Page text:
Recently I went with my kids to convention. I’m sure convention has a more formal title, like Christian Student Convention, or something like that, but in our small circle when you say convention, everyone knows what that means.
I love convention. Like, weirdly. Its one of my favourite events of the whole year. Most students and teachers don’t because its a lot of work, but I love it and always have. In the past 24 years, I’ve only missed a few.
When we moved to this new town/church/school, I thought there was no way I would be involved. Surely they were too big and organized and professional to need my help. But the music teacher asked me for help! I was going to convention after all! I was so excited.
Till I wasn’t.
It suddenly occurred to me in the two weeks leading up to it, that this was one of the first events where I would see “everyone” and not be from my old church. I started getting a knot in my stomach. Started worrying about what people would say to me. Started wondering what I would feel like. I ended up being very anxious about attending the event that I generally love.
So, I did something revolutionary for me.
I told some people about it.
And not just a few close friends, I told some people that I’ve only known a short time, but people that were going. And could help. That could stick with me.
This might seem like a logical conclusion to some of you, but some of the people that know me well may have just gasped. Its hard for me to admit things like that to people, and harder still to ask for help. But hey, these last few months have been a little crazy, why not throw this in the mix as well. One of my friends that was going even told me she would be my “emotional plexiglass”. I love that.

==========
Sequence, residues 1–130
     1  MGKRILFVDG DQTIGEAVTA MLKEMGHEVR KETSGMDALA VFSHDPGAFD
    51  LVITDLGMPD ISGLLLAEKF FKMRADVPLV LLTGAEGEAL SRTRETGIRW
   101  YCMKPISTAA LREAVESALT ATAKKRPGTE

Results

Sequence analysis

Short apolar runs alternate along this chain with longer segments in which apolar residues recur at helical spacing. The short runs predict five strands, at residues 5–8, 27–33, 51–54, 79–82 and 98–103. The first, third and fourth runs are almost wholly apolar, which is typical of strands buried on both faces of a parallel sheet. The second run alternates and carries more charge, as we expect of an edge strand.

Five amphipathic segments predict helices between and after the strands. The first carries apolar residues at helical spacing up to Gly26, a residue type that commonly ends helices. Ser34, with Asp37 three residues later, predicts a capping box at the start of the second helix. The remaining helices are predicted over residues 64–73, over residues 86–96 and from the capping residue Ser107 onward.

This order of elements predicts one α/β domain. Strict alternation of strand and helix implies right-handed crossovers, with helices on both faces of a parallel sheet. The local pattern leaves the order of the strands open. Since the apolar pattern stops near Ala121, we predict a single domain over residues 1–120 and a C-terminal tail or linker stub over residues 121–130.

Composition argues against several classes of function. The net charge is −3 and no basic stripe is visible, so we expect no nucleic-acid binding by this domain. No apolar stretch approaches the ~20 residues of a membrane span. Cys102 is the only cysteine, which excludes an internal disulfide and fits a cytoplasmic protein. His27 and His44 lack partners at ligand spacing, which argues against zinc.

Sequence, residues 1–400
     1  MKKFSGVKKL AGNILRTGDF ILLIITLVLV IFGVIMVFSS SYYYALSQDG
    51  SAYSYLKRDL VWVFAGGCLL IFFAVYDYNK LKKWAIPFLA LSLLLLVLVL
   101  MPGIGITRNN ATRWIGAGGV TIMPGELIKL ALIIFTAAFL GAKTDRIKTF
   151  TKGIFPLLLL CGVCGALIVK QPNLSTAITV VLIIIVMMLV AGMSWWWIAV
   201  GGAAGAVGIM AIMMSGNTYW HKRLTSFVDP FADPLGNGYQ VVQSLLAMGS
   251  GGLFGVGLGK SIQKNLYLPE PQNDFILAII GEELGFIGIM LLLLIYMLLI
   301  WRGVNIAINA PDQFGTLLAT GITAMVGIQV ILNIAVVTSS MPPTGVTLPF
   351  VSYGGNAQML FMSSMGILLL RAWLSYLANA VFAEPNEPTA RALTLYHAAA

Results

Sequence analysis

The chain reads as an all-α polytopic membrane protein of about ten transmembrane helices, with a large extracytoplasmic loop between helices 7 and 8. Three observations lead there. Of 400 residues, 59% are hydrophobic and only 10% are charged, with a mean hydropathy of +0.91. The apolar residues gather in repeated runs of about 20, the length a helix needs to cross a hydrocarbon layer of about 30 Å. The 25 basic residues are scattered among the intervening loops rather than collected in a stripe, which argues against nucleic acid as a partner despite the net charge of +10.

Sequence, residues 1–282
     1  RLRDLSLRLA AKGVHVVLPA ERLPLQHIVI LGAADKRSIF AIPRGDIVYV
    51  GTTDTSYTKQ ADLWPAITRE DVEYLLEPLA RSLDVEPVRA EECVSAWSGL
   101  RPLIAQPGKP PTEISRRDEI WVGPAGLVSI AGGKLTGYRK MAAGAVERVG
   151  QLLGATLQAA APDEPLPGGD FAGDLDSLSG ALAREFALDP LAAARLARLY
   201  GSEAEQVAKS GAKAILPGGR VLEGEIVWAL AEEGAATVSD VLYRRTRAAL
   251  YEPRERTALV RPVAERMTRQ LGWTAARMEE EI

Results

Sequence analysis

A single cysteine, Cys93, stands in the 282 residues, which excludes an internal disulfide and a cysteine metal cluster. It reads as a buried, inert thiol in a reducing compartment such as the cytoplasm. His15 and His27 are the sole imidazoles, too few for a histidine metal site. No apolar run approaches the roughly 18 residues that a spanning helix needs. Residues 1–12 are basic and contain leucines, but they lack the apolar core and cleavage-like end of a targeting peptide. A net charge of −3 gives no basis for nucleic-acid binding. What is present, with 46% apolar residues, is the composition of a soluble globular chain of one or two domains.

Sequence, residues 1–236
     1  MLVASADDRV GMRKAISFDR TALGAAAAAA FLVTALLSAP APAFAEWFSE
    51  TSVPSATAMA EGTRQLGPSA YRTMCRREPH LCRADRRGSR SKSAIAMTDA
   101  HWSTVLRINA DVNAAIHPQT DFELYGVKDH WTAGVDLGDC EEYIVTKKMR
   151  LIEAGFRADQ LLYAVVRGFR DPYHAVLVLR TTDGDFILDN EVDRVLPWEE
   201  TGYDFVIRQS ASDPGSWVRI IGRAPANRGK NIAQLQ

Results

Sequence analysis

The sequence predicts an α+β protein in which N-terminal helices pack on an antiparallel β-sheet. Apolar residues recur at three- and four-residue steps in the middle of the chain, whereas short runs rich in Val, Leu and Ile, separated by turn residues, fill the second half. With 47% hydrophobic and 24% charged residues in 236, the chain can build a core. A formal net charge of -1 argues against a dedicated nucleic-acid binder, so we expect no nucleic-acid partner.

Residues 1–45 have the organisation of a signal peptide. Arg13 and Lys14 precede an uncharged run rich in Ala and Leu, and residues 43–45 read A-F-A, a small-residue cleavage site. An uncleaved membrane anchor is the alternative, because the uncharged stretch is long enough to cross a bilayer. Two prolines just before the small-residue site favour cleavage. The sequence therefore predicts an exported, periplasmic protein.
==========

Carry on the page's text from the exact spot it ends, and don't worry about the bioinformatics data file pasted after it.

So off to convention I went, armed with people who knew it was going to be difficult and would help. I was trying this out and really felt I would be fine. It was weird at first, but people were great and things were going well.
Then I found out something. Things were about to get much worse. I literally thought I might throw up. I went and told my pastor’s wife. Then at lunch, in the middle of hundreds of people, I went and sat down beside my Pastor, told him about it, and started crying right there. Right in the gym, balancing a plate on my lap. I told him I didn’t think I could do it. And then he said something to me that just confirmed everything the Lord had been showing me in the past few weeks.
“You don’t have to do this alone.”
He repeated that phrase several times while telling me that I was part of them now and they as a group would help me get through this.
You know, I think it was the perfect thing to say. There was no denying the fact that this was going to be hard. There was no false bravado of “You can do it!”. No glossing over feelings or situations. No platitudes. Just, you don’t have to do this alone.
How many times in my life has my refusal to ask for help ended up in me having to do it alone? Too many. And my life in the past few months has had things too hard and too heavy for me to do alone. And I’m learning that I don’t have to. God has sent people to help carry the load. Just as there were times that I was willing to help carry other’s burdens, I need to acknowledge that there are times when I need help with mine.
Let me remind you today, you don’t have to do this alone.